AVS2005 Session EM2-TuM: High-k Dielectric Characterization

Tuesday, November 1, 2005 8:20 AM in Room 312

Tuesday Morning

Time Period TuM Sessions | Abstract Timeline | Topic EM Sessions | Time Periods | Topics | AVS2005 Schedule

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8:20 AM EM2-TuM-1 Characterization of High-κ Materials using High Resolution Ion Backscattering
T. Gustafsson, E. Garfunkel, L.V. Goncharova, R. Barnes, D. Starodub (Rutgers University)
Understanding the thermodynamics and kinetics of film growth during fabrication of high-κ gate stacks is vital to establish atomic level control of interfacial layers and to minimize defects. Annealing such films in different atmospheres may lead to diffusion and reactions with significant consequences on the electrical properties. Ion beam methods, in particular medium energy ion scattering (MEIS), are non-destructive, high resolution (sub-nm) tools for quantitative characterization of buried layers and interfaces. An attractive feature is the possibility to use isotope tracing, which allows a study not just of the structures of such ultrathin films, but also of the processes responsible for their formation. We will discuss some key materials issues relevant to films and interfaces in next-generation highly-scaled CMOS gate stack structures as investigated using ion beams. As one example, we will contrast the behavior of Hf and Ce oxides on Si during annealing in an oxide atmosphere. The Hf based system shows evidence for oxygen exchange, which could be suppressed by mixing the oxide with SiO2. Little SiO2 interfacial growth was observed. This reaction saturates with time and appears to be enhanced after film recrystallization. Annealing in nitrogen results in reduced oxygen incorporation and exchange. In contrast, Ce silicates exhibit rapid interface growth upon oxygen exposure. Materials changes occur in the ultrathin films and at the various interfaces during growth and processing at elevated temperature that strongly affect device properties. Changes in oxide and silicate interface composition and thickness, phase mixing and crystallization within the film, and film decomposition will be discussed also for high-κ films on Ge and GaAs. In general the native oxides on these materials are less stable than those of Si, leading to different high-κ layered structures and interface composition.
9:00 AM EM2-TuM-3 Fermi Level Pinning at Re/HfO2 Interface and Effective Work Function of Re in Re/HfO2/SiOx/n-Si Stack
Y. Liang, J. Curless, C. Tracy, D. Gilmer, J. Schaeffer, D. Triyoso, P. Tobin (Freescale Semiconductor Inc.)
One of the challenges in metal/high-k/Si based CMOS devices is a need for a metal with work function aligned with the Si valence band edge (5.2 eV) for PMOS devices. While a number of metals have vacuum work functions equal or greater than 5.2 eV, their effective work functions in a MOS structure are often less than 5.2 eV due largely to Fermi level pinning in the metal/high-k/Si stack. We used x-ray and ultra-violet photoemission spectroscopy (XPS and UPS) in conjunction with capacitance-voltage (C-V) measurements to investigate Fermi level pinning in a Re/HfO2/SiOx/n-Si stack. Evolution of the Re vacuum work function at different Re film thickness and the resulting band bending in HfO2 and Si were determined by in situ XPS and UPS techniques. Results showed that the Re vacuum work function reached a constant value of 5.5 eV when the film exceeded 30 Å thick. Photoemission results further showed that the Fermi level at the Re/HfO2 interface was partially pinned, resulting in an interface dipole of 0.5 eV and a 5.0 eV effective work function with respect with HfO2sub. C-V measurement of the Re/HfO2/SiOx/n-Si stack resulted in a 4.8 eV work function of Re with respect to Si. The difference in work functions determined by photoemission and by C-V will be discussed in terms of the contribution of additional interface dipoles in the Re/HfO2/SiOx/n-Si stack.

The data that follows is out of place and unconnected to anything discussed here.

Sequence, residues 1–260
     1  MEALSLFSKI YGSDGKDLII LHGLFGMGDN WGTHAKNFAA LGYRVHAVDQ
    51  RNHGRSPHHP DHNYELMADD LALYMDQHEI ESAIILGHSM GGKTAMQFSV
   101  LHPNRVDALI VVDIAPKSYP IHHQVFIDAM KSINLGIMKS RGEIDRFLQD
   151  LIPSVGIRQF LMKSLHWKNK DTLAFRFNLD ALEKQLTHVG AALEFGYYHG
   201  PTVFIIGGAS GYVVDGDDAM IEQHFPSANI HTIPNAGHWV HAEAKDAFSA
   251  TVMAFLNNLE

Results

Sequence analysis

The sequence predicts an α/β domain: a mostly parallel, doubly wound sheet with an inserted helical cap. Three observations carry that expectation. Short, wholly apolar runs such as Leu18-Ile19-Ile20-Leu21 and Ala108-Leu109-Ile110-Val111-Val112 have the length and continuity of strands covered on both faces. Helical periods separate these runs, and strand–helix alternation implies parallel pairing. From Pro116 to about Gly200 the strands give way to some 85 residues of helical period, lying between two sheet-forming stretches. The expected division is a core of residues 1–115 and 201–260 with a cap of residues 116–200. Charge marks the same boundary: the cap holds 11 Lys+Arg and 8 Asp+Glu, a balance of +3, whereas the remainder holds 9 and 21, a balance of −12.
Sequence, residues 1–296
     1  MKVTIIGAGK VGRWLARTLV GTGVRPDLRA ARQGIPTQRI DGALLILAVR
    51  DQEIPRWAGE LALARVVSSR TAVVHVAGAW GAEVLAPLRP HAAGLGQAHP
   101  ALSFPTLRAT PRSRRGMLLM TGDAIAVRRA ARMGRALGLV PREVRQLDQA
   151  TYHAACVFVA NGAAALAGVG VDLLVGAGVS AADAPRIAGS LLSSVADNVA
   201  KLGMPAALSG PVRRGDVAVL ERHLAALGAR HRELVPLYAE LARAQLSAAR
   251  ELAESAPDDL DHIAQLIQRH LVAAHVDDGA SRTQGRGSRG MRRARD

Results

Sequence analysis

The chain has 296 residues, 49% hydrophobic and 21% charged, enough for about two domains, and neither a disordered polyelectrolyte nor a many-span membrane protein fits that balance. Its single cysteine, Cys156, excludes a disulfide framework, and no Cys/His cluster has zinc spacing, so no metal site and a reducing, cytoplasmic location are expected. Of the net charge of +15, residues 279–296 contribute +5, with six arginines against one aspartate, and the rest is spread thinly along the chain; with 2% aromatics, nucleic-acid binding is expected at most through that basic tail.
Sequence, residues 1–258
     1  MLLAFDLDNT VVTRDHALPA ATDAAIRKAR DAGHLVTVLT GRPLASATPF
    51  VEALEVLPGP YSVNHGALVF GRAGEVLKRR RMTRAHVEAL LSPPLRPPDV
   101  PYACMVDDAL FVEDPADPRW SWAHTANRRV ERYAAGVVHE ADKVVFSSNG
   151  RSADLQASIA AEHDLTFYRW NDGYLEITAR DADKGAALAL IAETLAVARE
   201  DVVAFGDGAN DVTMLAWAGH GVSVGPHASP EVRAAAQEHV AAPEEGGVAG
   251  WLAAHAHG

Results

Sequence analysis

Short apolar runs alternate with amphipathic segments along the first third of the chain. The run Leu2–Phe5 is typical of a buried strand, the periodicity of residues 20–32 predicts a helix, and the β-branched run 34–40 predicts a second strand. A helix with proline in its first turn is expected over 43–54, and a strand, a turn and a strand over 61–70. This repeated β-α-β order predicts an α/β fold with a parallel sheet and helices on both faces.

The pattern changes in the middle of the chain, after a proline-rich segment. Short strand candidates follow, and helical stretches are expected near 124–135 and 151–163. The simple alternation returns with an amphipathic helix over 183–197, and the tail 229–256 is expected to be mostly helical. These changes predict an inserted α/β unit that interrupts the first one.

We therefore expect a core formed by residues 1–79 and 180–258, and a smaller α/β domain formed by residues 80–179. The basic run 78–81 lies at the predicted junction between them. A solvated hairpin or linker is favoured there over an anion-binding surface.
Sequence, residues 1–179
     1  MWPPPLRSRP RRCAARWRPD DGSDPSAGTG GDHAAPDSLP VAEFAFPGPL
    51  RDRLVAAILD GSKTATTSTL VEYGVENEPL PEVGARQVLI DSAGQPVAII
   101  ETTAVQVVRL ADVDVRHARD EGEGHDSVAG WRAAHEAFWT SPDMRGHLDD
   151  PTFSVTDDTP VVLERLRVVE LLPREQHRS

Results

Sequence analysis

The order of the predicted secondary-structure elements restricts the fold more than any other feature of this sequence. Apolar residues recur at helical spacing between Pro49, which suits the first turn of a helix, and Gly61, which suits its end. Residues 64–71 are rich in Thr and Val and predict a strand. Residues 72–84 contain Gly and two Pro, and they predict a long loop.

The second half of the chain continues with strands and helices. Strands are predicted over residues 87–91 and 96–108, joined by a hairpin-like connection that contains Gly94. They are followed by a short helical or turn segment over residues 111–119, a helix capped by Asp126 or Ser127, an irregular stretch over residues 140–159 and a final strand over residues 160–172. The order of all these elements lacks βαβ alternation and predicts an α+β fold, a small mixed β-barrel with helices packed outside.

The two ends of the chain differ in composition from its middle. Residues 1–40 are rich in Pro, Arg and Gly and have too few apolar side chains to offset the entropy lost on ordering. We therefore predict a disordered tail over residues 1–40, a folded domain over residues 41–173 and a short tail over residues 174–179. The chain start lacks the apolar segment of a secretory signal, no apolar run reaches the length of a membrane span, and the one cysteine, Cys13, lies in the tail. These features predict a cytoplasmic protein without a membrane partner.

9:20 AM EM2-TuM-4 Oxygen Diffusion and Reduction of Interfacial Layer in high-k Metal Oxide Gate Stacks
L.V. Goncharova (Rutgers University); M. Dalponte (Universidade Federal do Rio Grande do Sul, Brazil); T. Gustafsson, E. Garfunkel (Rutgers University)
Deposition of high-k metal oxide films onto Si substrates is accompanied almost unavoidably by the formation of a thin interfacial SiO2 layer as a result of oxidation of the Si surface. This layer grows during metal oxide deposition in an oxygen-rich atmosphere or as a result of post-growth annealing treatments. Recently it has been found that deposition of an oxygen-gettering overlayer such as Ti on top of the high-k metal oxide can result in reduction and even possibly elimination of the SiO2 interfacial layer. In our the work reported here we use Medium Energy Ion Scattering (MEIS) to focus on understanding (i) the diffusion and thermal stability of oxygen in multilayer high-k gate stacks and (ii) the reduction of interfacial SiO2. HfO2 films of different thickness were grown on Si(001) substrates with and without nitride incorporation on the interface. To study oxygen transport some of the films were re-oxidized in isotopically labeled 18 O2. The interfacial layer and the HfO2 layer remain constant during deposition of the Ti overlayer at 300K, with the exception of a small amount of interdiffusion at the Ti/HfO2 interface. There is no significant change in interfacial SiO2. An ultra-high vacuum anneal (600K, P=10-9 Torr) of the stack results in an immediate change in the oxygen region of the spectrum, accompanied by a lowering and broadening of Ti peak. This is clear evidence that some oxygen is moving towards the outer surface of the film and oxidizes Ti. The oxygen growth in the Ti layer occurs at least partially in parallel with a reduction of interfacial SiO2 as it is suggested by a decrease of the interfacial Si peak. This process changes with increasing HfO2 crystallinity, opening more permeable diffusive pathways via crystallite grain boundaries. Additional studies of the effects of nitrogen incorporation in the interfacial region and film thickness will be presented.